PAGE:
I waited (and trained) for that day since December 20th, day of my registration for the Lavaman. This triathlon is the second biggest tri event on the Big Island after the Ironman World championship. It is an Olympic distance and happens every year at the end of March. Chris McCormack describes it as follows in his last entry of his blog (April 2nd) “It is a tough, windy bike course and a super hot and difficult run. The entire bike course takes in the most difficult section of the bike course at the Ironman World Championships, and the run is mostly off road and through the thick Lava flows. It really reminds me of some of the early races I did in my career, when these ingredients seemed to be a prerequisite of a triathlon” . 1020 athletes coming mostly from Hawaii and the West Coast of Canada and the USA were gathered for this event. Chris McCormack, 2 times IM world champion was also at the starting line. The race starts at the Waikoloa Beach Resort onthe west coast and the bike course is a segment of the World Championship on the famous Queen K. Highway.
This race was for me the big test whether I had trained enough and done enough rehabilitation after the accident on June 8th the previous year. It would tell me, whether I was ready to train for longer distance and be able to be on the starting line of the Ironman of Frankfurt later this year.
I thought the race would be hard, but it turned out that it was getting there that cost me most energy. My family and I are currently staying on Kauai and I had to take 2 planes (via Honolulu) to get there. The first plane had 4 hours delay, the second was cancelled and the company had lost my reservation…In the end, I just made it in time to retrieve my starting packet, to put my bike together and to test it before sunset. I nonetheless could go early to bed and have a surprisingly good night sleep.
I wake up at 5:00 AM and take a short breakfast in bed. The weirdest thing after taking a shower is to put sunscreen when it is still pitch dark outside. I do that nonetheless, because I know that today’s forecast is 30 degrees, low wind and 86% humidity. I get out of my hotel room, the sun greets me and I take a picture of it in return. Coming to the transition zone, most of the athletes are already there… loud house music is blaring through big loudspeakers and a commentator repeats with eagerness the do’s and dont’s of the day. I get myself ready in the transition zone, get body marked with the No480 and walk slowly to the start at the A-Bay, a beautiful little cove. I enter the water at 07:10 and swim 4o0m to warm-up the shoulders. At 7:36 I start in the 3rd waves (that are Male Athletes 40 and Oooolder). I don’t pace myself. Feeling strong I aggressively make my way to the front of the pack. The real good swimmers are ahead and I can keep a good pace (around 15:30 per km) for the entire 1500 with the pack. I exit the water after 23:20′ and make a 300m dash to the transition zone. The enter of T1 comes at 15:24. I exit 1:31 later to start the bike. At this time, my position is in the first 75 or 80 athletes. The bike leg starts very well with a 37kmh for the first 8km and suddenly the wind changes. Everyone gets it strong in the face for the next 12km. The average speed drops to less than 32kmh and legs are sore. The mid-point turn comes at the right moment. From then on, it is tail wind and I finish the bike leg in 1 hour 11 minutes, which is above 34kmh avg. I run through transition very fast. So fast that I forget my helmet and have to return to deposit it next to the bike. In the end it is 1:41 in T2. The first 500m run go well and suddenly stomach cramps are coming. Strong ones. I immediately know that it comes from a new sports drink I had during the bike. I work through these cramps for the next 3km. It is hot, I cannot breathe regularly. I am smiling thinking that my knee would hurt, but no, it is my stomach that slows me down. I finally find my rhythm after 5k and start running at a 4:45 pace between km 6 and 8.5. The last mile: it is not hard surface but all lava stones and broken corals. Worse, the last 400m are in soft sand but at this point I see the 2 athletes in front of me pick up the pace and I decide to hang on, which I can and do until the finish line. 20 meters before the finish line, I raise my arms, fist closed, throat thightened. It is a great liberating moment. At this point the total time does not matter anymore. It is the knowledge that my knee held the shock of the race, it is the knowledge that I can race again, that my sports days are not over. I do the run in 50:12′.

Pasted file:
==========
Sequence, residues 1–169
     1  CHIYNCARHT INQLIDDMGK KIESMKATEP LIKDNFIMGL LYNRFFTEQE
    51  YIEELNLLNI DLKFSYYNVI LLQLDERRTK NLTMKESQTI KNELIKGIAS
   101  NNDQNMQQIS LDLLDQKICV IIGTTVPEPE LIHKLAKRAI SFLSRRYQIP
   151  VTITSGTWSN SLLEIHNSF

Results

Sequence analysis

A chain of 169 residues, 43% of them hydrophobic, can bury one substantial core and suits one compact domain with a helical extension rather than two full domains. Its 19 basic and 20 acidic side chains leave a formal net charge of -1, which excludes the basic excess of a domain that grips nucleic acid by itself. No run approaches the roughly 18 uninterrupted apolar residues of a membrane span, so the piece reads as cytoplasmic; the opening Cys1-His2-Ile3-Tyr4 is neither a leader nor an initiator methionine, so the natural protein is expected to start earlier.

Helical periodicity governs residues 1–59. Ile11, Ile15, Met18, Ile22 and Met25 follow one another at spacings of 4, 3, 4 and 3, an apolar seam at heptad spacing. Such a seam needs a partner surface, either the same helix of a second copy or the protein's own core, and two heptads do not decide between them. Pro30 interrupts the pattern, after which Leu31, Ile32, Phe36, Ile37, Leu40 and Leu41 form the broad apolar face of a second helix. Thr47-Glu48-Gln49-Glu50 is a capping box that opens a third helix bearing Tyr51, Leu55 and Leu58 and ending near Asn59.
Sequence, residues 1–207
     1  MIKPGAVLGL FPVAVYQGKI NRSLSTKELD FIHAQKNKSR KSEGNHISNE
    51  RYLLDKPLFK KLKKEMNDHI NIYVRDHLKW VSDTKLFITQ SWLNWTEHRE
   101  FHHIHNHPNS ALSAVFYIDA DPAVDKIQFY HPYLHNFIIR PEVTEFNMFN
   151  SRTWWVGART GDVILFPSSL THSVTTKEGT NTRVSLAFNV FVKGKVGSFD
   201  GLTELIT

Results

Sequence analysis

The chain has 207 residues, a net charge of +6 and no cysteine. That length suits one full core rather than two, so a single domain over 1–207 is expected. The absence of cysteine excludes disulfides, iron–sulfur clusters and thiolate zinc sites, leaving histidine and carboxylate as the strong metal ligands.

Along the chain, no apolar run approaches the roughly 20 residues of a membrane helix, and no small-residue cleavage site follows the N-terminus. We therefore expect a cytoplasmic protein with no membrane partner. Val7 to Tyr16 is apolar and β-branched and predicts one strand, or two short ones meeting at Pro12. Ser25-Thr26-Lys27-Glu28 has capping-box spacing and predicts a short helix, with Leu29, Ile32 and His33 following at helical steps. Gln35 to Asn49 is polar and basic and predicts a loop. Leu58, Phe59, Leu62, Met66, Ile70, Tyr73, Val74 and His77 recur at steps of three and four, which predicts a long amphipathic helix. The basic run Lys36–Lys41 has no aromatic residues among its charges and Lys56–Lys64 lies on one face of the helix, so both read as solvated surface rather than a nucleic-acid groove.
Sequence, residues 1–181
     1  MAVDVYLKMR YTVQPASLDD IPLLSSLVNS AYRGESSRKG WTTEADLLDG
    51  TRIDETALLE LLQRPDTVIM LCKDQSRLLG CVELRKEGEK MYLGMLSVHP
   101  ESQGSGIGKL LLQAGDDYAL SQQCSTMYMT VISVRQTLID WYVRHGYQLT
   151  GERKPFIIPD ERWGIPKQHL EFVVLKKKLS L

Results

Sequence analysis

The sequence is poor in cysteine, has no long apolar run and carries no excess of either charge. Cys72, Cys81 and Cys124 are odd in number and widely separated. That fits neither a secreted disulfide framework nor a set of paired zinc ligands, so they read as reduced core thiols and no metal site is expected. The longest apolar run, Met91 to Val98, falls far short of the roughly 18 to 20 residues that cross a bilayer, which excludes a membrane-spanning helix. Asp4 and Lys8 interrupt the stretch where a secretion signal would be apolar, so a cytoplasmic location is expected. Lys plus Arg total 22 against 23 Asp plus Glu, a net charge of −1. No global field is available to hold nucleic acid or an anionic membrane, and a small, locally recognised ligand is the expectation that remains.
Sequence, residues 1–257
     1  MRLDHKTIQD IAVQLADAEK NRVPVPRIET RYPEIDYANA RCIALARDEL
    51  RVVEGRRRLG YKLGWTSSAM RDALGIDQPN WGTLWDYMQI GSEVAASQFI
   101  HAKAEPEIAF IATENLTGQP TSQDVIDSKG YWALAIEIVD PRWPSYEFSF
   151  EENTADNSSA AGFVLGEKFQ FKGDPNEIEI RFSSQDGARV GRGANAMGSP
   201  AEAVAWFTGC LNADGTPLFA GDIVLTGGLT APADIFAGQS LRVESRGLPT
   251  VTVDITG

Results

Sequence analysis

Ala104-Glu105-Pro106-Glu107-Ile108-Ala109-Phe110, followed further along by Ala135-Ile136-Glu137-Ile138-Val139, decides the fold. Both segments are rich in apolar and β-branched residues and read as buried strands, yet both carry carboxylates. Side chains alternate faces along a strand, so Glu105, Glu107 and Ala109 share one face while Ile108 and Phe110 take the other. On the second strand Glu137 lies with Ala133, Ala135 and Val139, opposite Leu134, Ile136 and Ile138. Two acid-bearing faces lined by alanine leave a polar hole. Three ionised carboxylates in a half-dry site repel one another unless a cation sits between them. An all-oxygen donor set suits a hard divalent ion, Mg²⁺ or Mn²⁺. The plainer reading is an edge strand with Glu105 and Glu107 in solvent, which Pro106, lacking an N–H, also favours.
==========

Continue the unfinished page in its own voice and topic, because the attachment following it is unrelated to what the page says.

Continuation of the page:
Time overall is 2:30’10”. Position 122 out of 1020. Chris McCormack wins the race for the 2nd consecutive year.
The Lavaman triathlon is the best organised and most scenic tri-event I have done. Compare to Europe, I found many athletes very relaxed ready to enjoy the race. The quota of female athletes was incredible, something I have never seen in Europe. All in all, this triathlon is maybe not worth the trip from Europe, but it is a must do, if you are around in March in Hawaii.